Monday, December 19, 2005

The Dating Game

Doesn't the new debate format remind you of "The Dating Game"?

"Leader #1, how would you describe yourself?"

"Leader #2, same question. "

"Leader #3, given the chance, what would you do to convince me that you're the man for me?"


Forget about discussing the content of the debates since not much happened and none of it will matter when phase two of the campaign begins in January. Let's address what everyone is eager to examine in detail - the format.


Debate: (n) is defined by Oxford as "a formal discussion in a public meeting or legislature, in which opposing arguments are presented".



Technically, the new format fits within the definition. A selection of voters were asked to videotape their questions. The tape was played for the leaders and they were given an opportunity to answer. A moderator could add to the question if they wished. Hardly a traditional debate format but it worked in a certain sense.

Viewers at least got to clearly hear each leader recite what's available on their website, contrary to the debates of the last election where we were essentially treated to a shout-off. The best part of this year's debates was the time limits which were strictly enforced. Speaker's microphones were cut off in mid-sentence although if you listened carefully you could still hear the last part of their explanations presumably picked up by the moderator's microphone.


Not So Easy

Debate organizers are faced with a tricky problem. Here are just some of the issues:

  • Make the debates relevant to voters (ie. Shorter)
  • Prevent a live audience from turning the debate into a circus (This isn't a rally.)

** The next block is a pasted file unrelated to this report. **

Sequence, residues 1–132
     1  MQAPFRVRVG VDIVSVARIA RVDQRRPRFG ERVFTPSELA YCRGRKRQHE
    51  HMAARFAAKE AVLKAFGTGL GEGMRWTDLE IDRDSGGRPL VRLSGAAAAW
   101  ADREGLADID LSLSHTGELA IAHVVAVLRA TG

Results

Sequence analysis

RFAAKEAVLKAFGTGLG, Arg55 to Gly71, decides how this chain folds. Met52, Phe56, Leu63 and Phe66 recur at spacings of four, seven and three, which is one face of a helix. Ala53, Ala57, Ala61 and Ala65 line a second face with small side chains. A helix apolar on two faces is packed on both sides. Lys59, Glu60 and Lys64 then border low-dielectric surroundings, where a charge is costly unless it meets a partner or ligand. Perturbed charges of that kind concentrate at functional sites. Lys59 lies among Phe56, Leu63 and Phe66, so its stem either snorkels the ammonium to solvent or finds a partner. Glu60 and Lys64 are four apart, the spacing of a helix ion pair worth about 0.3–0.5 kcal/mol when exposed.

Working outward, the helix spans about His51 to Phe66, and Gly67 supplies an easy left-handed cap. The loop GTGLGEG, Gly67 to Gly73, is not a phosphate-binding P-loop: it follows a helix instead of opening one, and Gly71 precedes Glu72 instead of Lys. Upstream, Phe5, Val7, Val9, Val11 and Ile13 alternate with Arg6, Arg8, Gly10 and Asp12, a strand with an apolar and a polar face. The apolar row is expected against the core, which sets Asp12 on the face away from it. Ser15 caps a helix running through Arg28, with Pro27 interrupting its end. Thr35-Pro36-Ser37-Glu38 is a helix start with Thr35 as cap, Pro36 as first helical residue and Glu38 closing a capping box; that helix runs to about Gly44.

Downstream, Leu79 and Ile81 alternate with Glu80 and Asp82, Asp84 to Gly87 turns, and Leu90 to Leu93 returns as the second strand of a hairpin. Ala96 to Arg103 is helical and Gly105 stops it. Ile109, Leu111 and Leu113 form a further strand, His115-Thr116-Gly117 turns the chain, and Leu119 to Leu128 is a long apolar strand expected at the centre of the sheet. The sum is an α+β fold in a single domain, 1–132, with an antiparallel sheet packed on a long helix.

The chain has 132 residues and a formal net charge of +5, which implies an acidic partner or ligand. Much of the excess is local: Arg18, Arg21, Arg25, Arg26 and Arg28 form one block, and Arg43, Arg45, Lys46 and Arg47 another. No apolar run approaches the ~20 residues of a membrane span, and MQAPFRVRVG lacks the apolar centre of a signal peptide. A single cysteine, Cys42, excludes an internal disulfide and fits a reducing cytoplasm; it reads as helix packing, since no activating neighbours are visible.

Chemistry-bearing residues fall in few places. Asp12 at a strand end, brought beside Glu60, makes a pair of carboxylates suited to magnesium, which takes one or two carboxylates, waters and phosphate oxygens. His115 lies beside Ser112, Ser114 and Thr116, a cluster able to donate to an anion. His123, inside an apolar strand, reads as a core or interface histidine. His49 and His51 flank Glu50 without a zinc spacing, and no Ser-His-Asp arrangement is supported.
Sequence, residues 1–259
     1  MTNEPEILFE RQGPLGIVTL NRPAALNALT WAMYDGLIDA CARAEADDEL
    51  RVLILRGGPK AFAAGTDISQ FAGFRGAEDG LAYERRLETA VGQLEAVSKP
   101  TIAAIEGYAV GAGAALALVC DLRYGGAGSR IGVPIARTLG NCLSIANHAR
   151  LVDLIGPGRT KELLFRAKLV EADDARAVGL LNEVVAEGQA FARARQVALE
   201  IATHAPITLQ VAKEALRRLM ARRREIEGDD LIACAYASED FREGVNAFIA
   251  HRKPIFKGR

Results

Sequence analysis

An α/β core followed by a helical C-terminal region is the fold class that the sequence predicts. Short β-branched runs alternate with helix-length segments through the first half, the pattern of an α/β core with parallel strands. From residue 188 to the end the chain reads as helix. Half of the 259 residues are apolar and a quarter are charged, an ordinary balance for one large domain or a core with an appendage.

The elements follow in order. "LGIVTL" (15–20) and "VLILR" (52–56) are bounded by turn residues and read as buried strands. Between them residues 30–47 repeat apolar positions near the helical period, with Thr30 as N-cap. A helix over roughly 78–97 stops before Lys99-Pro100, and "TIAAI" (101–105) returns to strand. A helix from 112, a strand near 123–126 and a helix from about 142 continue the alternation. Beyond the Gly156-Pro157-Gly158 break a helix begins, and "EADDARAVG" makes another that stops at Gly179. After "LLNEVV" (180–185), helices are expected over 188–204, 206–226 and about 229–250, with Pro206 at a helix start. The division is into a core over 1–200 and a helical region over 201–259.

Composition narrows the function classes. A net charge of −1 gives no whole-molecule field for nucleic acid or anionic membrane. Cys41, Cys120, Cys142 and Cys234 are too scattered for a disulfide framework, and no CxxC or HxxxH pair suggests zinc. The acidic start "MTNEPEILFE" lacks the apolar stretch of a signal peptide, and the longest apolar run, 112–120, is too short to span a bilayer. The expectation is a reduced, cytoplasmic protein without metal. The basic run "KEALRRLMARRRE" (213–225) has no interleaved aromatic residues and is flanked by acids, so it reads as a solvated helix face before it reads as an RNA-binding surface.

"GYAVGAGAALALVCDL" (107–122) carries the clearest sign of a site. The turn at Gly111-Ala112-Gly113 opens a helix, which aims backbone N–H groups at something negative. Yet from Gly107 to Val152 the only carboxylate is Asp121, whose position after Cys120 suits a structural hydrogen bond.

• Design pretty podiums (See whether the candidates could think on their feet)
  • Avoid shouting matches between candidates (That's only appropriate in the House of Commons)
  • Ensure that candidates can get their message across (Why waste money on commercials?)
  • Get all parties to agree to a format (that each party thinks is best for their candidate)
  • Appease the media (with at least the hope that a candidate makes a potentially fatal mistake or lands a knockout punch against another candidate.)

    Interviewed later, many of the questioners were dissatisfied with the leader's answers. Here's a typical example to illustrate their frustration:

    "Thank you for that very interesting question. Before answering it I would like to briefly mention that "insert candidates favorite issue or other redirection trick here" ...

    Journalists were luke warm on the format and viewership was down by half from the previous election.


    Tweaking the Format

    What's a voter to do? Let's see if the gameshow model of debate organization has any further solutions to offer us.

    First of all, during the debate, have the questioner decide whether a leader answered the question or not. This may not prevent a leader from skating around an issue but at least the viewers would be aware in real time that it was happening. Perhaps installing one of those gameshow counters in front of every podium and awarding a point for a question answered appropriately would help.

    Why not go one step further? Instead of giving all the power to the questioner, equip the studio audience with a real-time voting device and have the results instantly appear like they do in "Who wants to be a millionaire?" Audience, its time to vote.

    How about introducing a lightning round where more questions are asked and less time is provided for answers. Let's see how well they think on their feet. Give voters at least a glimpse of the real character of the next prime minister.

    Remember the movie "Quiz Show"? It told the story of the scandal surrounding the game show
    "Twenty One". It provides the genesis for another debate format improvement.

    What about putting each candidate in a sound-proof booth. They would only hear whatever question was directed at them and that would be the only time they could answer. They wouldn't hear what the other candidates had to say and would be faced with a classic
    "prisoner's dilemma". Are the other candidates skating or answering? Are they attacking someone or sticking to the issues? Wouldn't that make for an interesting debate?

    Will it ever happen? Probably not. But at least it's worth debating it.


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